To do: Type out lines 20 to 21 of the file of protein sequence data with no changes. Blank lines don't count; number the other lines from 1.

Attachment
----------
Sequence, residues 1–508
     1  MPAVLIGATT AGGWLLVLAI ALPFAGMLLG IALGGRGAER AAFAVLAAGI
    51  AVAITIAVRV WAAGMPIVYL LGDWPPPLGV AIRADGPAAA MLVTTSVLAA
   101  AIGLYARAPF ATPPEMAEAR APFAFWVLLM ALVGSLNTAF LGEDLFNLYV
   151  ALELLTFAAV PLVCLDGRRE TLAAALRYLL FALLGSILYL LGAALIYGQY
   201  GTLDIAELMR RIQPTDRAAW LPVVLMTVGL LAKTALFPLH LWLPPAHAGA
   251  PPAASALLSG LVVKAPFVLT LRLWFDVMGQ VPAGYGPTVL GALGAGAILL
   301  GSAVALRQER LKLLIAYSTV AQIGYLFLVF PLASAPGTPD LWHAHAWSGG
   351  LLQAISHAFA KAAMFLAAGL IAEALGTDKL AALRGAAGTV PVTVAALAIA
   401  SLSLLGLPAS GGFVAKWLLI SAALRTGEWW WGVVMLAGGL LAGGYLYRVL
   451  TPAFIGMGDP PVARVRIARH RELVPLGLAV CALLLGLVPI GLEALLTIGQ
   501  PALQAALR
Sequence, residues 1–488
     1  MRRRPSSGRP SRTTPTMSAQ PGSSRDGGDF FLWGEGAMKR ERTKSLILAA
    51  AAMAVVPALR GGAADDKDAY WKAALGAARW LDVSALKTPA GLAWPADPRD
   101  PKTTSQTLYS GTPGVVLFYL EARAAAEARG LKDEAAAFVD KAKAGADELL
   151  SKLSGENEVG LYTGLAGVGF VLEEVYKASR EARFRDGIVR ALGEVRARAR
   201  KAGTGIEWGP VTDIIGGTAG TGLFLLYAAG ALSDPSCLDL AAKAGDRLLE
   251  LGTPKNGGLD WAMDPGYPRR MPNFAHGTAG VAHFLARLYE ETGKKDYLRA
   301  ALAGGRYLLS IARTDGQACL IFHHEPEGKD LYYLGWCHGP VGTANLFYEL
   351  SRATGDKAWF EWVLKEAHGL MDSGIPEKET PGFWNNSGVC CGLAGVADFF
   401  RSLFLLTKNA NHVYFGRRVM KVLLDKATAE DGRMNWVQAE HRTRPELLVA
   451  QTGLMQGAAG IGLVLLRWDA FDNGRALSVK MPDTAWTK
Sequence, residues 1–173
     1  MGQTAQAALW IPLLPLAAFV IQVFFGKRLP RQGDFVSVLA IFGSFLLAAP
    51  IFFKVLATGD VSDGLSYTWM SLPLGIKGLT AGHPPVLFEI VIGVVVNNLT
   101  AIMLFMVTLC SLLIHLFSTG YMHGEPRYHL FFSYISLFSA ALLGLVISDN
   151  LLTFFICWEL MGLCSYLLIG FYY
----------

   301  ALAGGRYLLS IARTDGQACL IFHHEPEGKD LYYLGWCHGP VGTANLFYEL
   351  SRATGDKAWF EWVLKEAHGL MDSGIPEKET PGFWNNSGVC CGLAGVADFF